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Leaving the Ultimate Misnomer Behind

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Congress has a dwindling number of days left to stop a Consumer Financial Protection Bureau (CFPB) regulation that will make payday loans difficult for consumers to get. Access to such short-term, small-dollar, high-interest loans may not matter to people who already have savings or credit cards on hand for emergencies, but it’s a big deal to working Americans on lower economic rungs who suddenly need a loan to cover rent, make a car repair, or pay a utility bill.

For those on the financial fringe, small dollar loans serve as a backstop to calamity. Around 35 million households lack steady access to traditional banks, either because they cannot afford the minimum deposits and fees, or because they’ve been regulated out of reach. That has caused a disconnect between the working poor and the upper echelons of society. The latter can simply charge a sudden expense, like an unexpected car repair, to their credit card or dip into savings. But millions of Americans don’t have that choice.

Take the example of Ariane, a 22-year-old single mother from Oakland, California, whose story is told in University of Pennsylvania Professor Lisa Servon’s book, “The Unbanking of America.” Ariane’s car broke down on the way home from work in 2013. Working a low wage job and without any access to credit, she lacked the money to fix it, but she desperately needed that car to get to work. Ariane faced a tough decision: Default on her rent to pay for the car and face eviction, or lose the ability to get to work and possibly lose her job.

Instead, Ariane took out a number of payday loans. They were expensive, and it was tough to repay them, but she fixed her car and kept her job, which meant she was able to keep her home as well. It’s hard to argue she would have been better off without that loan — or by resorting to unregulated, black market loan sharks.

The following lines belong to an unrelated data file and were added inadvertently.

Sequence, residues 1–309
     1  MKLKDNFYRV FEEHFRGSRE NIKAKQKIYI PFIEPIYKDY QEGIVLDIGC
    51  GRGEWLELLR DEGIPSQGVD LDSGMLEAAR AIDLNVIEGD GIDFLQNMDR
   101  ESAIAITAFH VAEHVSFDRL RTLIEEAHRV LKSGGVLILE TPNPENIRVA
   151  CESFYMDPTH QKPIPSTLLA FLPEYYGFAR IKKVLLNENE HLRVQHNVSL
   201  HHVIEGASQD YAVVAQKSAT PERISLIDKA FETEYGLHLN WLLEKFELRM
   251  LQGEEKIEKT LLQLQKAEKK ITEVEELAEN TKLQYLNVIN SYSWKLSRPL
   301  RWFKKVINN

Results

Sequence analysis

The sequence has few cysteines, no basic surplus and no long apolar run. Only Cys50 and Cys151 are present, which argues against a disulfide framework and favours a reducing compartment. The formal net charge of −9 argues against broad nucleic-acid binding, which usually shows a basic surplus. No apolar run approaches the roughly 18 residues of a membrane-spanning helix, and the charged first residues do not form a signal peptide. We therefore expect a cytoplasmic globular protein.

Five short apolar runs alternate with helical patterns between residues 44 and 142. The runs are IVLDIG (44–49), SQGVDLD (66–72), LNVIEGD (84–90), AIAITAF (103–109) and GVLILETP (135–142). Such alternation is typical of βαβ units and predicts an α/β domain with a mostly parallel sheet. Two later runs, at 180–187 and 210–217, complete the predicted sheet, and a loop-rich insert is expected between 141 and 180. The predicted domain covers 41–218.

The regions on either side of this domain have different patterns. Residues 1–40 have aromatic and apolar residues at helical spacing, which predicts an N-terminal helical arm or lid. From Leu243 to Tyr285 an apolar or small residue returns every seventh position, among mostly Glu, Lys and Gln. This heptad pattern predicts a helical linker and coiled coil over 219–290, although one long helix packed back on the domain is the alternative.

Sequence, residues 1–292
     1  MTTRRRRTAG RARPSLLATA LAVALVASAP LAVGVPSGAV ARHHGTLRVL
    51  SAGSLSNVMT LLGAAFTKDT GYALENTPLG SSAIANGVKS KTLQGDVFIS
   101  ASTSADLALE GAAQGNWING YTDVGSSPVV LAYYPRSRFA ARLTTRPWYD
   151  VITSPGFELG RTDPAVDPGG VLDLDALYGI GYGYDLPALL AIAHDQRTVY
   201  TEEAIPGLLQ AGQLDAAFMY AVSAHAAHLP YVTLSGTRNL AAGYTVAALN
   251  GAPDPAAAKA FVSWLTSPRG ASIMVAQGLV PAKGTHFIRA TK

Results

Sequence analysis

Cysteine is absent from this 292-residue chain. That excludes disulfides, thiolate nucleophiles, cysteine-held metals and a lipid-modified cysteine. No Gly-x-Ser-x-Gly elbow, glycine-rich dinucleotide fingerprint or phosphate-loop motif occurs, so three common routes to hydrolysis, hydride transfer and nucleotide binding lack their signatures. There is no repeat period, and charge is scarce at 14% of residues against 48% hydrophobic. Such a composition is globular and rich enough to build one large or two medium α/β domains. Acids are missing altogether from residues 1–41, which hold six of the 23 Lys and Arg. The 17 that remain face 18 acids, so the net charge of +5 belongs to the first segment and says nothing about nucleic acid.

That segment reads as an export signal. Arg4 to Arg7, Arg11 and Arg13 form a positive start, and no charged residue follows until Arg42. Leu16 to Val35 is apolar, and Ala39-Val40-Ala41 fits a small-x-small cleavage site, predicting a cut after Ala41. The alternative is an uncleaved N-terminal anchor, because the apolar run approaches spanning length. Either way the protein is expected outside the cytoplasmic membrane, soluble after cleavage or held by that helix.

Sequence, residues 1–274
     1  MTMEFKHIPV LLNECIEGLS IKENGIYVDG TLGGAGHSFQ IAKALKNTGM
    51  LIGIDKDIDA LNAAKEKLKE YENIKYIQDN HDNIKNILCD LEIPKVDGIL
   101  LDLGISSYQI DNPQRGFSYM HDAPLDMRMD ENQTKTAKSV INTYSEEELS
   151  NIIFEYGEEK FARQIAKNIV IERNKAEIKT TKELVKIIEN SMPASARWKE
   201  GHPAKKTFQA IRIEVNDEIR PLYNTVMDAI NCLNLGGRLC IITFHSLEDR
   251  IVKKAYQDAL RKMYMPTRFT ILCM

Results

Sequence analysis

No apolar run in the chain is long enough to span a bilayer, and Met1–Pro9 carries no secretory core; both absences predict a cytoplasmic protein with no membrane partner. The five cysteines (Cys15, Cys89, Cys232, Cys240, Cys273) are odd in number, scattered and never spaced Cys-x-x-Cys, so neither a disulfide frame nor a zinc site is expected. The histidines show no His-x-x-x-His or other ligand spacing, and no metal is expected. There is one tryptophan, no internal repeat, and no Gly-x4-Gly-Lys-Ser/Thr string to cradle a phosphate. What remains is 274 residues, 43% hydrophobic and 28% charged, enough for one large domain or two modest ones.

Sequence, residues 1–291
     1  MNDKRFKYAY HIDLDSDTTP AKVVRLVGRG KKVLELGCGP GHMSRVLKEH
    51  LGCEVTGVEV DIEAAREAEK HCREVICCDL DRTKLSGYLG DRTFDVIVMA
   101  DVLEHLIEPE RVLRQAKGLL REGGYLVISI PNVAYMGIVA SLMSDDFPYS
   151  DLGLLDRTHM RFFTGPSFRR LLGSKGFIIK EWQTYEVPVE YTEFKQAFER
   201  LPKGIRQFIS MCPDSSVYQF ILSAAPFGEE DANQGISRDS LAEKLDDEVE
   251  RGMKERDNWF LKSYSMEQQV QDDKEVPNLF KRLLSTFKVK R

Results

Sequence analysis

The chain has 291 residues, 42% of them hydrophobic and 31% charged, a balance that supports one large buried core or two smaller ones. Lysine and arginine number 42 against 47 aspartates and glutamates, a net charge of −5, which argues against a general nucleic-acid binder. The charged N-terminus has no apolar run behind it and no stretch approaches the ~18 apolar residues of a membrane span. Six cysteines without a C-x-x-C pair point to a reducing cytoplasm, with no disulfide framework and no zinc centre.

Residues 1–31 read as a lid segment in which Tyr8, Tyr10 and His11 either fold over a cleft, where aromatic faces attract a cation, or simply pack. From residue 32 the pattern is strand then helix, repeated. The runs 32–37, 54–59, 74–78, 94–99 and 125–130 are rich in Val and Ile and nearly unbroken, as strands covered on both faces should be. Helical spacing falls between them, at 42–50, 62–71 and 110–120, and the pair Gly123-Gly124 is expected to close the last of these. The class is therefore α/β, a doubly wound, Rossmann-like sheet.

Government regulators and many well-off Americans often deride small dollar loans as exploitative. But the truth is that they are not only more readily available in many states but often cheaper than other loan alternatives. A payday loan typically costs around $15 dollars for every $100 borrowed. Overdrawing a checking account, on the other hand, typically comes with a $35 charge. Even more expensive is defaulting on other obligations, such as rent and utility bills, and having to pay reconnection charges and late fees that can run into hundreds of dollars.

Millions of Americans rely on small dollar loans to cover these short term emergencies. That’s why they have enormous support among their users. More than 90 percent of borrowers’ value having the option to take out this type of loan, while the CFPB reports that only 1 percent of all consumer complaints are related to payday lending. It’s clear that those who want to ban payday loans are very likely not that same people who have needed to use them.

CFPB Acting Director Mick Mulvaney has announced his intent to reconsider the regulation sometime this year, which is helpful. But unfortunately that process could take years and end up only tweaking the rule. That’s why it’s up to Congress to stop the rule now. Under the Congressional Review Act, lawmakers can block regulations finalized in the last 60 legislative days with only a simple majority. Unfortunately, time is running out for the payday lending rule — the deadline to pass a resolution of disapproval expires soon, around the beginning of May.

Given the devastating impact the payday lending rule could have on millions of vulnerable Americans, Congress must act quickly. There is no denying that consumers have been unfairly hurt by the CFPB’s past actions. Congress has a chance to restore working Americans access to credit and protect them from the ultimate misnomer — the Consumer Financial Protection Bureau.

This piece was originally published in the Washington Times